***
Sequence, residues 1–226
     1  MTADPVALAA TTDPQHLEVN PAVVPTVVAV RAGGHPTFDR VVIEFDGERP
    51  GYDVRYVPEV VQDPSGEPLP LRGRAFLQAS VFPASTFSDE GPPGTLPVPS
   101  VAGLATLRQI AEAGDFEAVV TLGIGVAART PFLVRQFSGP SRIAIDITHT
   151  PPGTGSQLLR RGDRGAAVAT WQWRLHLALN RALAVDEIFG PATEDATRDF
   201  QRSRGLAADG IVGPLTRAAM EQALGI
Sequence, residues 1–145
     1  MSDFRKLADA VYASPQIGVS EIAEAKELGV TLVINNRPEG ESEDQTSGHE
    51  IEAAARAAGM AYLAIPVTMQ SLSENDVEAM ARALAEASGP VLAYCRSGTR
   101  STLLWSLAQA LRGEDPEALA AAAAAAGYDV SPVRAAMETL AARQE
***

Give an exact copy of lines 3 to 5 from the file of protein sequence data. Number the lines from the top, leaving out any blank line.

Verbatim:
    51  GYDVRYVPEV VQDPSGEPLP LRGRAFLQAS VFPASTFSDE GPPGTLPVPS
   101  VAGLATLRQI AEAGDFEAVV TLGIGVAART PFLVRQFSGP SRIAIDITHT
   151  PPGTGSQLLR RGDRGAAVAT WQWRLHLALN RALAVDEIFG PATEDATRDF